In a perverse way I took heart from the fact that a number of Christian leaders have historically struggled with less-than-ideal marriages.  I wondered if marital tension might not be a necessary price to pay for working in God’s harvest field.  John Wesley’s wife allegedly once rode up on a horse behind his open-air audience and shouted, “Don’t listen to this man!  He’s out of his mind!”  When Mary Sue started taking horse-riding lessons, I thought, “Uh-oh.” 
But what could I do?  God seemed to be accomplishing so many things through my valiant efforts.  He was multiplying our church’s ABCs:  attendance, building, and cash.  Wasn’t that evidence I was doing something right? 
The problem is that all the church stuff happening through me was coming at the expense of God’s far more important work in me. 
My domestic world finally imploded on a day that I was running off to help lead a weekend retreat.  I remember standing on our stairs, holding a pile of papers under my left arm.  Mary Sue was standing at the top of the stairs over a pile of laundry.  We were yelling at each other in frustration and rage.  I was conscious of the fact that the children could hear us.  We were raising our voices because our worlds had grown so far apart.  Emotionally we had taken our hearts off the table of our marriage. 
I knew I had to do something.  I had to make a point.  Assertively I took a step up the stairs and spluttered something like, “I just want to know one thing:  What happened to the beautiful woman I married?”  Only a seriously lost person could ever ask such a question. 
With eerie calmness Mary Sue said, in effect, “Oh, that woman.  She died.  But you were very busy at church.  You didn’t see it happen.”
I wish I could tell you that I was wise enough to put down that armload of papers, back out of the retreat, and begin to make things right at home.  But I simply didn’t know how to jump off the moving freight train that was crushing everything I valued most.  Who could ever make things right?
God could.
Over time God presented to Mary Sue and to me the opportunity to heal our marriage.  On the other side of some excellent counseling, the support of our small group, and a thousand small acts to put our hearts back on the table, we reclaimed the dream of being a couple who can know and experience the love of God together.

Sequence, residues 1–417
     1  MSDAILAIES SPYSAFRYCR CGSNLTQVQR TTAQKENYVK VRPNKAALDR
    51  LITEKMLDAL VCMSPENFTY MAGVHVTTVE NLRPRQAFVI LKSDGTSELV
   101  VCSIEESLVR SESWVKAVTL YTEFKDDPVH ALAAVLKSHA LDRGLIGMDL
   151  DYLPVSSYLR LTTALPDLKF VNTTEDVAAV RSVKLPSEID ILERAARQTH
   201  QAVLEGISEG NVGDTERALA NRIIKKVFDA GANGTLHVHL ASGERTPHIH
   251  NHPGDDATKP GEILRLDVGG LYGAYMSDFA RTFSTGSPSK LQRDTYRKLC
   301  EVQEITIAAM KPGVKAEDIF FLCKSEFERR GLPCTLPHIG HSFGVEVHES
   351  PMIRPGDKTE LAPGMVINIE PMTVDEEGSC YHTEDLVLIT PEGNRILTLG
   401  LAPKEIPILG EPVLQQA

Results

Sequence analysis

Things changed at church, too.
I had to reject the foundational lie I had been telling myself – that if I ever stepped back from my manic pace of life, the kingdom of God would be just one day away from collapse.
At one of our elder meetings I said, “Let’s try something different.  It’s time to challenge the idea that somehow I’m the only player on the team who can carry the ball.  What if we gave some of our lay leaders the training they needed and turned them loose in their own areas of ministry?”  They had never heard me say this before.  How would they respond to a pastoral request to step back from ministry?
The elders nodded, smiled, and said, “Why don’t we start immediately?” 
Frankly it was unnerving to discover that my non-involvement was welcomed as such an asset.  But they were, in fact, right on target.  The members of our congregation felt freer and more valued as they were entrusted, in my absence, to invest in ministries and relationships that mattered. 
Without realizing where we would end up, we had taken a vital step toward becoming a much healthier church.  We had agreed that it wasn’t crucial for everything to cross my desk.
It doesn’t matter what hat you’re wearing today. 
Whether you’re a shepherd or “just one of the sheep,” a leader or a volunteer, someone with years of experience or someone who is just starting out, the truth remains the same:
By God’s grace, we must not let the work of God through us compromise the work of God in us.